Alves A.,University of Porto |
Martins C.,University of Porto |
Delgado L.,University of Porto |
Fonseca J.,Hospital of Sao Joao |
And 2 more authors.
American Journal of Rhinology and Allergy | Year: 2010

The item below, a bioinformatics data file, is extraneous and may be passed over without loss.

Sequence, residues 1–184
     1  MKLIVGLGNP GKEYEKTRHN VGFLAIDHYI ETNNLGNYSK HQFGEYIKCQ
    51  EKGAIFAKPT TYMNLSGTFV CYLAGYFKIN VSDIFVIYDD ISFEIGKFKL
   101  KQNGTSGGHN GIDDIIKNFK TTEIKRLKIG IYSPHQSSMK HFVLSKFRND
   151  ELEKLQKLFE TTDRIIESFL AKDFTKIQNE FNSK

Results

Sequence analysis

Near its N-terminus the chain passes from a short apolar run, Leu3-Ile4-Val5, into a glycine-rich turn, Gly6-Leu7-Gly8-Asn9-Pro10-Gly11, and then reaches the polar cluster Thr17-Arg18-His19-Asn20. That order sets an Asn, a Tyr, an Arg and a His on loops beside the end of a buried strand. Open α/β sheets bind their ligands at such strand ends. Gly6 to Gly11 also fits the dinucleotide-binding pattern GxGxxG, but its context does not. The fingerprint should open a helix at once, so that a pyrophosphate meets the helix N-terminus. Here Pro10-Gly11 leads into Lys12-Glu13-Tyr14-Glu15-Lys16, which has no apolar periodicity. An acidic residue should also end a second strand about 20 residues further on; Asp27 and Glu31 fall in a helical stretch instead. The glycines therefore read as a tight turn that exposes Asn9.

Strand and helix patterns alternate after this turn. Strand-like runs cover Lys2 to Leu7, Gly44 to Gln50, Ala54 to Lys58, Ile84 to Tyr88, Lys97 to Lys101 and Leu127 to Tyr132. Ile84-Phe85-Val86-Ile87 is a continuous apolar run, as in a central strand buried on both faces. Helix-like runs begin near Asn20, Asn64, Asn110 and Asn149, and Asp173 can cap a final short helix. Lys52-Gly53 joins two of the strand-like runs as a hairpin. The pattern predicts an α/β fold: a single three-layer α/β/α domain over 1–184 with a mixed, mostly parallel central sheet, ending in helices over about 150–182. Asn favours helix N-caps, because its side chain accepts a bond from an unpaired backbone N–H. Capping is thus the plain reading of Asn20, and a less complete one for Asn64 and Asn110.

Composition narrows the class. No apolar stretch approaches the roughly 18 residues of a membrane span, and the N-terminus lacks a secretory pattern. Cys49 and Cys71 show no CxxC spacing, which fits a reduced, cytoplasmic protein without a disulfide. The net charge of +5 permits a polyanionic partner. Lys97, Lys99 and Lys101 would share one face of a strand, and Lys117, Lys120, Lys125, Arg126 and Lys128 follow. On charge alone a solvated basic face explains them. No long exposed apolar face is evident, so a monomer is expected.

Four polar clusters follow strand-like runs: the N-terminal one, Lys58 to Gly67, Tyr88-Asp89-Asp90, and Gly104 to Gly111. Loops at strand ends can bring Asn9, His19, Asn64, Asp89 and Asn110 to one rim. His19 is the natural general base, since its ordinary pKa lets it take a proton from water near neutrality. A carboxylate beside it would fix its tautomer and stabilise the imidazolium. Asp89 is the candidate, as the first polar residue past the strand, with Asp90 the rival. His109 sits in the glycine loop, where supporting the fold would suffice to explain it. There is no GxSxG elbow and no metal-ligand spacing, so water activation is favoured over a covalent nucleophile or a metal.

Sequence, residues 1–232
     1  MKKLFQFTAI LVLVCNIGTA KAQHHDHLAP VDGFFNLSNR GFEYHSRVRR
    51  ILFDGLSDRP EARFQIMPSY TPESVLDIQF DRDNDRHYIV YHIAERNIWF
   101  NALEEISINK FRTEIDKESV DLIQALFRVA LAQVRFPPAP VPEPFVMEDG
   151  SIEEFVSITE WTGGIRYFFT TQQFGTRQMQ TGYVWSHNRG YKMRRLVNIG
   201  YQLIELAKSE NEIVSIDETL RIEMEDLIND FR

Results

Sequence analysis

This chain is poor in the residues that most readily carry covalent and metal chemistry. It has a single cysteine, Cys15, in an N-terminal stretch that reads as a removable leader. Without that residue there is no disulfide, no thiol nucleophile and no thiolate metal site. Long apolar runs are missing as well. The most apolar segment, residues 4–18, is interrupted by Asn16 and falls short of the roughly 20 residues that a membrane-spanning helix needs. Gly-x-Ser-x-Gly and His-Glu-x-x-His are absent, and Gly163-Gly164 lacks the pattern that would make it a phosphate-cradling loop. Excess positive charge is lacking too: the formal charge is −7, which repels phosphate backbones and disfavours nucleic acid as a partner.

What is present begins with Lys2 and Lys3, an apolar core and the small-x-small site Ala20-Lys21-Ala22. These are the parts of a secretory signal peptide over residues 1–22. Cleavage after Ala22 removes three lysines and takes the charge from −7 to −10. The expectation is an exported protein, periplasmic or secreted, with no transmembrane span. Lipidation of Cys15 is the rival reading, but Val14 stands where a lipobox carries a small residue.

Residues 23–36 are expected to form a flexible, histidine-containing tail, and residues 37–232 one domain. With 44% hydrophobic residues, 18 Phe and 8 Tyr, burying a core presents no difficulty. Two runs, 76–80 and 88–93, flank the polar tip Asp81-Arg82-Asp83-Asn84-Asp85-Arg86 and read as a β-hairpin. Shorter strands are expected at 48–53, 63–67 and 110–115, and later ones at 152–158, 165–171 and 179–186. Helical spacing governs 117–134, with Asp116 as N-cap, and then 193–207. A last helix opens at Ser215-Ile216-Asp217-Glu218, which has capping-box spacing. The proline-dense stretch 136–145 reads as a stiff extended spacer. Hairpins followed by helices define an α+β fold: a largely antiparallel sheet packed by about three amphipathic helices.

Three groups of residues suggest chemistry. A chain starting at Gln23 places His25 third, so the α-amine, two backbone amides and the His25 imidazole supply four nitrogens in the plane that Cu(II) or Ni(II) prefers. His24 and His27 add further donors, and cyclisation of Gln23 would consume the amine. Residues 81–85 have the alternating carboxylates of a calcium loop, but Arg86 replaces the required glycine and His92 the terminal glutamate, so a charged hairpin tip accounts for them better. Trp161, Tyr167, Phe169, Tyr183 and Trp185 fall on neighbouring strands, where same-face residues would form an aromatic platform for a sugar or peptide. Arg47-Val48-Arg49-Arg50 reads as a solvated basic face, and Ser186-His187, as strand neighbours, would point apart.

Background: Elite swimmers are at increased risk of asthma, which has been related to chronic effects of pool chlorine environment. However acute effects of swimming on rhinitis remain unknown. Objective: We aimed to assess the nasal response to exercise in competitive swimmers compared with competitive runners. Methods: Measurements of nasal symptoms, peak nasal inspiratory flow, lung function, dyspnea, and of airway inflammation were obtained before and after a training session of 19 international-level swimmers and 13 professional runners. Exercise-induced rhinitis was defined as a fall in peak nasal inspiratory flow above 20% from baseline and atopy by positivity to skin-prick testing. Changes within groups were compared using paired t test and differences compared by analysis of covariance. Results: Prevalence of exercise-induced rhinitis was similar between swimmers and runners, respectively 21% and 23%. Contrary to runners, swimmers experienced a decrease in nasal inspiratory flow levels and increase in sneezing, nasal congestion, itching, and postnasal drip after exercise. However, difference in changes was only significant for postnasal drip (p = 0.050). All subjects experiencing exercise-induced rhinitis were nonatopic. An overall improvement in nasal flows, sneezing, and itching after exercise was observed in atopic athletes, although no significant differences in changes compared with nonatopic athletes existed. Conclusion: Swimmers, contrary to runners, experience a worsening of nasal function after training. Although these differences were only significant for postnasal drip, our results provide support to the existence of a "swimming-induced rhinitis" independent of the atopic status of the athlete. Copyright © 2010, OceanSide Publications, Inc. Source